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Best strategy for funding college

BluEyeLBluEyeL Registered User Posts: 11 New Member
I'm a parent and trying to figure out what's the best strategy to fund college for my son, who's now a sophomore in high school.

Background. His father and I got divorced when he was 7 yo and I just got remarried this summer, I have full custody and father doesn't visit. I make a bit over 100K/year myself.

Questions:
1. I heard the step father's income will have to be reported in FAFSA. Is this correct? If that's true, there is no way he'd get any financial aid, although I think my income only is too high anyway. Not sure the step father would personally contribute for college, I really don't think so, I think husband expects me to cover my son's college, which is fair. That would be fine if he goes in state, but if he ends up going out of state, it's going to be a problem.

Anyone has any information on how parents income is considered? What about his biological father's income? His father lives out of state, son lives 100% with me.

2. I saved for his college costs through a 529 plan, which is now at a bit over 40K. Would it be a good strategy to increase contributions to this account? I know put in $500/month but I can afford to increase to $1000/month if that would be a good idea. Should I do that or save separately?

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Replies to: Best strategy for funding college

  • beth's mombeth's mom Registered User Posts: 3,361 Senior Member
    The stepfather's income will be included on FAFSA; the father's income will not. However, many schools use the Profile or their own forms, which will require the non-custodial parent's income. The schools that give the most generous financial aid typically require more than just FAFSA.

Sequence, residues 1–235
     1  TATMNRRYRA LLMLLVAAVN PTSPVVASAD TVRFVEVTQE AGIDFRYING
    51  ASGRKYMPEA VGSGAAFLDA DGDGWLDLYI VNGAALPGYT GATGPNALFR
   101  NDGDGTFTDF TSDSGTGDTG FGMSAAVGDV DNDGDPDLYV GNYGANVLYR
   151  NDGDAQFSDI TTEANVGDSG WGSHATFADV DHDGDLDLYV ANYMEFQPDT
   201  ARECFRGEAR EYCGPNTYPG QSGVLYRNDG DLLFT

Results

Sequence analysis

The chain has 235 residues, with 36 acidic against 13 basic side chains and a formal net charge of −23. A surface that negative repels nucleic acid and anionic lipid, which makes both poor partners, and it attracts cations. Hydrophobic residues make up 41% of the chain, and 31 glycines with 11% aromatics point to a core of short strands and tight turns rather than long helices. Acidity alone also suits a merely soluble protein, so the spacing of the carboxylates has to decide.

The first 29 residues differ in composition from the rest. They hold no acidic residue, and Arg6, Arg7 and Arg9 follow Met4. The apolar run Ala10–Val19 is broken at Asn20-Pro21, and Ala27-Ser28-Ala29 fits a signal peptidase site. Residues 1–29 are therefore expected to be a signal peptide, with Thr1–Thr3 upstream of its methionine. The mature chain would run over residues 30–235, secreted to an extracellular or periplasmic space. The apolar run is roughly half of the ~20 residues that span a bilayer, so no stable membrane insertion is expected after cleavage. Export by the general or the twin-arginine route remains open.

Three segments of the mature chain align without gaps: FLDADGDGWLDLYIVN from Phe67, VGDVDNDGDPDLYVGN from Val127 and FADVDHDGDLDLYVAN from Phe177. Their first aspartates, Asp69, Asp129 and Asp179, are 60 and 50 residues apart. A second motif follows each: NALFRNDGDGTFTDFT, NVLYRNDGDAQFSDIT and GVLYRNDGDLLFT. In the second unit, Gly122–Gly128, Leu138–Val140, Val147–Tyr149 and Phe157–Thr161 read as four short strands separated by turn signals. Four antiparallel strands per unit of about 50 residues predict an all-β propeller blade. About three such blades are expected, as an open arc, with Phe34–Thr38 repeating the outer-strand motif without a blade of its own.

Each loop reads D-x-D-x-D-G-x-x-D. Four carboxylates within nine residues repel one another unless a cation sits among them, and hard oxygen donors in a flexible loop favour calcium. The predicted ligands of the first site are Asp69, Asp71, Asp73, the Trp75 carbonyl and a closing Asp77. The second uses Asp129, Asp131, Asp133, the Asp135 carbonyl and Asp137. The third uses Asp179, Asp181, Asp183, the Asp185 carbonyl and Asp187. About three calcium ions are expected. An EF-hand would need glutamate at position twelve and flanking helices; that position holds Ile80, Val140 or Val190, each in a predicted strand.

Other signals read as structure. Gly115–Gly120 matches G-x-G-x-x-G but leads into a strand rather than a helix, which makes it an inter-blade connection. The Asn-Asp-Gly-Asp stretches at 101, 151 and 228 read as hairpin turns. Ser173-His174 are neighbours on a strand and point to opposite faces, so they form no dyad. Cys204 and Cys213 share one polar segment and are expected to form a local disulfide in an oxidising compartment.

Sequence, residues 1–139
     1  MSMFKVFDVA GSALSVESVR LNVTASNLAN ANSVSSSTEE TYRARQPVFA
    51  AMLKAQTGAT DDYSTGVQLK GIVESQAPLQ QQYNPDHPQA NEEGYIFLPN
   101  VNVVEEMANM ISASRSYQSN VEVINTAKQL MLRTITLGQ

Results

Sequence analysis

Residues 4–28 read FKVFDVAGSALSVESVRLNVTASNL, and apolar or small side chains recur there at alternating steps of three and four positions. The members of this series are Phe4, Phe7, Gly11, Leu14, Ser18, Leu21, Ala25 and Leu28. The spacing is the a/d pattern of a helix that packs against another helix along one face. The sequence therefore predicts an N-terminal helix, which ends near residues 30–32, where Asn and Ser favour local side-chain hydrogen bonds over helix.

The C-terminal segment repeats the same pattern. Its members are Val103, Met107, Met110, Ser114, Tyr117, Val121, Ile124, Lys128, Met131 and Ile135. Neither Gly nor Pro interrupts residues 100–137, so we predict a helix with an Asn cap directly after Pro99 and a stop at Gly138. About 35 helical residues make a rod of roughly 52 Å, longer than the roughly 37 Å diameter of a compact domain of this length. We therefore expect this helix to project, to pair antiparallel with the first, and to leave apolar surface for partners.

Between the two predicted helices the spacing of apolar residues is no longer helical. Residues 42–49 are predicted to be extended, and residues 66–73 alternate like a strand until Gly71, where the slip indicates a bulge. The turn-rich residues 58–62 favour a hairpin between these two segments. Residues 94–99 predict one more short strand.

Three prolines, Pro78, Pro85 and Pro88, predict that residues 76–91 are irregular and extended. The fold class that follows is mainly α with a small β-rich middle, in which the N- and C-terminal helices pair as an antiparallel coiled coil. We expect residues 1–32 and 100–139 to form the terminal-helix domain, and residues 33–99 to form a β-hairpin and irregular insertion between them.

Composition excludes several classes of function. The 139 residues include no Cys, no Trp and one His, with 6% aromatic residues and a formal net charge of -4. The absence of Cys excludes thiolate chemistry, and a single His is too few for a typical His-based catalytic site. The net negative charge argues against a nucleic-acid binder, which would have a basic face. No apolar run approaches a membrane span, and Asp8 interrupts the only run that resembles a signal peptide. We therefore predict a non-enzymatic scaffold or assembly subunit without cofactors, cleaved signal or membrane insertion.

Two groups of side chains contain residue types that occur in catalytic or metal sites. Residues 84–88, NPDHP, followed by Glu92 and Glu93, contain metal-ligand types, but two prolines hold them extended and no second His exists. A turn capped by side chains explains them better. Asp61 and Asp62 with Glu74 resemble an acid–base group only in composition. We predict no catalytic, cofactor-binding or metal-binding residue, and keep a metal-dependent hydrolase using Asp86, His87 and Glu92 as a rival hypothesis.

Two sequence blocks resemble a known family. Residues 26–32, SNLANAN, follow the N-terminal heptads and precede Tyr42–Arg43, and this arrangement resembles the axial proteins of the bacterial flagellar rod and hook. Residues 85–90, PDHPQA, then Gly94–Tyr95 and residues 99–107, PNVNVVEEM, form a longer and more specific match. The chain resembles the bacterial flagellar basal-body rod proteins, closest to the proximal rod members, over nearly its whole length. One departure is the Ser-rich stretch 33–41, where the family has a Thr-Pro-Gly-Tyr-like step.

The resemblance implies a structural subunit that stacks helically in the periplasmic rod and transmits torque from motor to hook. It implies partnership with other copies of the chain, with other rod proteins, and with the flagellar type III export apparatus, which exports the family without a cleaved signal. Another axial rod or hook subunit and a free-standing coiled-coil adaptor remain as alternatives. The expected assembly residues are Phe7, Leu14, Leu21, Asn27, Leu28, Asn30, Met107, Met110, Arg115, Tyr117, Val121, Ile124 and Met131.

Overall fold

The benefit to contributing to the 529 plan is that the earnings will not be taxed (and in some states there's a deduction for contributions). I'd probably put the additional savings into the 529 plan.
  • thumper1thumper1 Registered User Posts: 63,483 Senior Member
    1. Once you have SAT or ACT scores...and at least his sophomore GPA, start looking at places he might qualigynfor merit aid. Income isn't considered.

    2. The FAFSA calculates an expected FAMILY contribution...and your husband is now part of,your family...so his numbers will need to be included on the FAFSA.

    3. Please remember...the FAFSA is primarily used to determine eligibility for federally funded need based aid. Even with $100,000 of income, your kiddo would not qualify for federally funded grant money. But he, like anyone else who completes a FAFSA, could,take the Direct Loan.

    4. if your kiddo applies to colleges using the CSS Profile, some require non-custodial parent Profile as well. So everyone's income will be counted.

    5. There are a small...very small...number of competitive colleges that only consider income from biological parents...and not Step parents. But these are competitive for admissions schools.

    6. Don't toss your instate options aside. Look at them. See if there are honors colleges within yourmlarger university.

    7. Above all...if you have a price limit...when the time comes...please convey that to your son. It's heartbreaking to hear stories about students who get accepted to unaffordable schools...and don't find this out until well after acceptances are received.

    8. You will need to cast a wide net,..including affordable options for sure, and ones where perhaps merit aid might be a very good or guaranteed option.
  • BluEyeLBluEyeL Registered User Posts: 11 New Member
    Thank you for the advice, very helpful!

    We actually want to go in state, but our state school is Purdue University, which is difficult to get into if you want the more competitive programs, and will consider out of state only if he gets rejected. If he gets into Purdue I can comfortably pay his tuition and even cost of living. Out of state, not so easy, but I want to be prepared for worst case scenario, in the sense of figuring out what to expect and what's the max he could expect to be able to afford.

    He keeps saying that he wants to apply to the Ivies just to see if he gets in. His portofolio so far is good, but based on what I've read he won't probably get into an Ivy League. If he does, by some miracle, and then he suddenly wants to go there (which would be nice of course) it is going to be a problem, I can't cover that. Step father can, but I don't expect him to shell out the cash when we have a reasonable school like Purdue that costs much less.

    We project his sophomore GPA will be around 3.8., no less than 3.8 if all goes according to plan, but probably not 3.9. Surely hope Purdue accepts him. And will continue to save into the 529.
  • mom2collegekidsmom2collegekids Registered User Posts: 82,545 Senior Member